In order to move forward it is probably a sensible strategy to forget bad things that happened in the past, enjoy the present, and plan for the future.
To a limited extent many of us, at this stage, have left behind the horrific events that occurred between 2008 and 2012.
However, it is to a limited extent, because the economic, financial, and social legacy of what happened during that period is still having a significant impact on all of our lives and will continue to do so for some time to come.
We can primarily thank Anglo Irish Bank for that.
Economic research over the past century has generally concluded that when an economic recession is caused by a shock to the banking and financial system, the recession tends to be deeper, longer, and more difficult to emerge from.
That is in comparison to a recession caused by some other type of shock, such as a global pandemic, oil price shock, or a technology bubble bursting.
What happened in the US after 2007 and which quickly spread its tentacles around the global economy was indeed a serious shock to the global banking system.
Many of us may like to criticise banks and bankers, and very often with very solid justification, but the reality is that a functioning and trustworthy banking system is an essential part of a functioning economy.
Banks perform the role of financial intermediaries between savers and borrowers in a trustworthy way, and this is essential for businesses and consumers to operate.
If, for some reason, trust is lost in the banking system and it loses its ability and/or willingness to act as an intermediary between savers and borrowers, then economic activity will come crashing down and it will prove costly and difficult to restore a functioning banking system.
That certainly describes what happened in Ireland.
The implosion of the US subprime mortgage market from 2007 onwards created devastation in banking systems all over the world and it took some time and massive pain to come out the other end.
Here in Ireland, we were particularly exposed and vulnerable, because our banking system had got totally carried away and created a vulnerability whose magnitude few appreciated at the time.
Irish bankers created utterly ridiculous and ultimately disastrously unsustainable exposures to creditors, with lending to developers and personal mortgage clients the two segments that really stand out, but there were others.
Basically, the banking elite forgot all of the rules of prudent lending as they got caught up in a greed- and hubris-driven circus.
It is very often the case that when a disruptor enters any market, the incumbent players are forced to react and follow or be left behind. On the mortgage side, the entry of Bank of Scotland to the Irish mortgage market in 1999 prompted a sharp decline in average mortgage rates; much more aggressive loan-to-value (LTV) loans; and the notorious tracker mortgage, which became a legendary part of the Irish vocabulary.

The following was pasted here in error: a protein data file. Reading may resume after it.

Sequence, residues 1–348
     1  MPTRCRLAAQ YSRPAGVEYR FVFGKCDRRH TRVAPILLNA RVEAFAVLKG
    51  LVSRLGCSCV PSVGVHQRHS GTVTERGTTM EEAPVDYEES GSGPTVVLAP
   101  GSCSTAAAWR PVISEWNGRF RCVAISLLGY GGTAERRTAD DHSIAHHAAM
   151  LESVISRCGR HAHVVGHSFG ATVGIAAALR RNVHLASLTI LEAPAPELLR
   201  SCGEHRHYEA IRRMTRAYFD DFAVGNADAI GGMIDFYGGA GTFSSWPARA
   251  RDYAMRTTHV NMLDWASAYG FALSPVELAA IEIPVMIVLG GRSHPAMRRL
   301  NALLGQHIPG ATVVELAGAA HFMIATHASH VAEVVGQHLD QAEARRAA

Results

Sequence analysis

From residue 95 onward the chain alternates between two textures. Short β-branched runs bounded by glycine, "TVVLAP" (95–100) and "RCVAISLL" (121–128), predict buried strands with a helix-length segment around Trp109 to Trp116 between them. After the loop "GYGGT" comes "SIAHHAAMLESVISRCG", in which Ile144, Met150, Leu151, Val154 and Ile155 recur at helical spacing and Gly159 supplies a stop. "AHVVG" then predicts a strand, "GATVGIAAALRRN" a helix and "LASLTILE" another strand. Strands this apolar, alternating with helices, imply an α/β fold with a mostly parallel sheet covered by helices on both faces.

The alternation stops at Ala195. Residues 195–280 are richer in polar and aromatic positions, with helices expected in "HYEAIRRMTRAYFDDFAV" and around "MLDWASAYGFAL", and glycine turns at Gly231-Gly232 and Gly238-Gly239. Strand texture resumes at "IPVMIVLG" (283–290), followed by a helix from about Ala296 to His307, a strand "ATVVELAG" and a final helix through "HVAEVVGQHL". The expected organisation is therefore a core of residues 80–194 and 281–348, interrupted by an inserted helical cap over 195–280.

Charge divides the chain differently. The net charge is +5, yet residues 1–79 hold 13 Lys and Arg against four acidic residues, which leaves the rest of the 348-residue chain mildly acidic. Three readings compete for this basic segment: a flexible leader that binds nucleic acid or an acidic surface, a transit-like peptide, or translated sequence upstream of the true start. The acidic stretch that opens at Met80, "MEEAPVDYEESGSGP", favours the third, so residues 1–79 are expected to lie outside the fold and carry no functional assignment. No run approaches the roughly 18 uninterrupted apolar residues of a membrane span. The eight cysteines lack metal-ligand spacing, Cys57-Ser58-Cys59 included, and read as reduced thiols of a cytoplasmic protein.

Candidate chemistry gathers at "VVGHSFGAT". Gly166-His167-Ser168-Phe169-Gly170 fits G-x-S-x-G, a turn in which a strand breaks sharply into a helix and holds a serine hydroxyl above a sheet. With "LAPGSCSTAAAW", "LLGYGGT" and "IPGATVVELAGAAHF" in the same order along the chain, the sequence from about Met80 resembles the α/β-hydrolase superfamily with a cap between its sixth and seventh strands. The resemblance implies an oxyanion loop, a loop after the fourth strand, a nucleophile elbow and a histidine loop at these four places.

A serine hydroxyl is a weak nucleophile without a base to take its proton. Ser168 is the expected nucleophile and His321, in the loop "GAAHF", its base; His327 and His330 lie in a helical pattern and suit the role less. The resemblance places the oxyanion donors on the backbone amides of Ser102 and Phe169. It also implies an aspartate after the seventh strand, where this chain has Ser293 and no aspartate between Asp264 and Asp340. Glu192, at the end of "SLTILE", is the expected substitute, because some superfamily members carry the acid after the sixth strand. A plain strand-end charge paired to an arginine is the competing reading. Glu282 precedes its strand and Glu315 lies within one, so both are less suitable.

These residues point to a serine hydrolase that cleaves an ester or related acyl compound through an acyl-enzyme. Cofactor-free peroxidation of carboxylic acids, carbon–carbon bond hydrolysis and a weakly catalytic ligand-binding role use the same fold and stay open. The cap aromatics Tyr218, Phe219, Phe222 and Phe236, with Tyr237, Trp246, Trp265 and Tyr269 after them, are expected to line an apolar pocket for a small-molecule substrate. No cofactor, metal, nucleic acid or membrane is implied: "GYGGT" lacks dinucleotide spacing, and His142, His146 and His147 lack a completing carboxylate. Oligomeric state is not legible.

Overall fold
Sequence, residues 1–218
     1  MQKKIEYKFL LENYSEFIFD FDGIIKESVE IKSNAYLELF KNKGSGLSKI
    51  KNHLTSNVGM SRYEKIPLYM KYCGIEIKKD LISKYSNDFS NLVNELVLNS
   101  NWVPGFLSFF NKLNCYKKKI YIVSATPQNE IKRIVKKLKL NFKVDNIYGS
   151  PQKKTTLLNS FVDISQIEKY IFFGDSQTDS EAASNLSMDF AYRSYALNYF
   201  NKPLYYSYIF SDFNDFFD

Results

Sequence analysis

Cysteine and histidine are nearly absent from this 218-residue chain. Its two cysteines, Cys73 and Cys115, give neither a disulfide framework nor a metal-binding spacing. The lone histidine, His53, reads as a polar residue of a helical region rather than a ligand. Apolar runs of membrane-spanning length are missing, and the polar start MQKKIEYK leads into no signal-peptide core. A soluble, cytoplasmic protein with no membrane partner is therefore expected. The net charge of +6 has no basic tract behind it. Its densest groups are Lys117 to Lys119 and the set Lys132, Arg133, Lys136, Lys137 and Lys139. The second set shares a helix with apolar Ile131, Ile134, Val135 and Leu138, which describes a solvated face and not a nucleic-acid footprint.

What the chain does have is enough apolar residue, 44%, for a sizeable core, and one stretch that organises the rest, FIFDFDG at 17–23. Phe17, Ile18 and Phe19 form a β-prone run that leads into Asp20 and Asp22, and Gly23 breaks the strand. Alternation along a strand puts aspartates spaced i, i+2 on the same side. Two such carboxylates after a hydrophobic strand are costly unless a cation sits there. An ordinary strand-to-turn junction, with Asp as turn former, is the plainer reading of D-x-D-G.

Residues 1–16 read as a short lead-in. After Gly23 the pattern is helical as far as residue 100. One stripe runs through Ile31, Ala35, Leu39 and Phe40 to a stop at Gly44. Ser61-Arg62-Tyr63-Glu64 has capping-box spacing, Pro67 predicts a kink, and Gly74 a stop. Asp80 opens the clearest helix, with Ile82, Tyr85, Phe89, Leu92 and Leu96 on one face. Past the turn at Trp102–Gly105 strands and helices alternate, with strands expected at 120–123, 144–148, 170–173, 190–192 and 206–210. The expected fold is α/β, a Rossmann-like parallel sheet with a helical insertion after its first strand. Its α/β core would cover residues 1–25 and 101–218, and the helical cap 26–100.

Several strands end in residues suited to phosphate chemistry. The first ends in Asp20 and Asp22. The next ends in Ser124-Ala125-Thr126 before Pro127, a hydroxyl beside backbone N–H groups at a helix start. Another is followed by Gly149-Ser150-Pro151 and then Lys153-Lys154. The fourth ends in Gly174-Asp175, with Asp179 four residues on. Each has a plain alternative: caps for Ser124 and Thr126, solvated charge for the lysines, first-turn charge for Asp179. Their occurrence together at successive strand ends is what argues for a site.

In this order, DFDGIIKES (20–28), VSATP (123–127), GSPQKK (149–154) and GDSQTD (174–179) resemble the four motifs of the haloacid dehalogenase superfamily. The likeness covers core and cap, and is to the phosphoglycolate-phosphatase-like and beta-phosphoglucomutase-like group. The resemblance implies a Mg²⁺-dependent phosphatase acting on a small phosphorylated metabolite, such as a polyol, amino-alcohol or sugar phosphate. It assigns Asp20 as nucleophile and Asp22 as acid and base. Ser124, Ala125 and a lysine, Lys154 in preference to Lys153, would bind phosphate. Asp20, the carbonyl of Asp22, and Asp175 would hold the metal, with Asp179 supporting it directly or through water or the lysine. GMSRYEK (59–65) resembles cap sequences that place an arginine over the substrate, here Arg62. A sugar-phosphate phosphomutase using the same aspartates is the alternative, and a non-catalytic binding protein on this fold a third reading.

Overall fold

On the business lending side, the advent of Anglo Irish Bank radically changed the Irish banking landscape.
Seán FitzPatrick became chief executive of what was to become Anglo Irish Bank in 1986 and over the next couple of decades, he transformed it into the third-largest bank in Ireland. It gained a reputation as a bank with which you could easily do business.
The bank was aggressive, hungry, and prided itself on turning around lending proposals in a matter of hours. It gained a particularly strong niche in the property development segment of the market and quickly became a market leader.
As is often the case in such situations, the incumbent players are forced to respond, not least because shareholders demand it. AIB and Bank of Ireland were losing market share and their respective share performance was inferior to the aggressive upstart.
Both banks eventually responded to the shareholder pressure and started to compete more aggressively. AIB reacted first, while the traditionally more conservative Bank of Ireland was slower to follow, but eventually did. This resulted in a situation where AIB was hurt much worse than Bank of Ireland and had to be fully nationalised, while Bank of Ireland did not require the same level of taxpayer intervention.
I prefer to call it taxpayer rather than government intervention because that is what it ultimately was. It is probably accurate to say that Anglo Irish Bank precipitated the eventually disastrous behaviour of AIB and Bank of Ireland, but one shouldn’t forget that AIB, in particular, created many problems for itself ever before Anglo became an influential player in the market.
The collapse of the banking system has destroyed the Irish banking model and we are now living in the type of banking market that those of us of a certain age grew up with, where two main players dominate the market and competitive forces are virtually non-existent.
In such an environment of little competition, the customer is the ultimate loser. The current legacy created by Anglo includes significant government debt; a collapse in the housebuilding sector, which is now creating considerable pain for young people; an underfunded health service; and the second-highest mortgage rate in the eurozone.
The passing of FitzPatrick this week has resurrected many of the memories of that dreadful period in Irish life that most of us would prefer to forget and we are now back into a flurry of analysis paralysis of that dark period.
Apart from the bad banking behaviour of the bank’s lenders, the Maple 10 and the balance sheet manipulation stand out as the legacy of the deceased that will not be forgotten.
In summary, Anglo Irish Bank is still a blight on Irish life.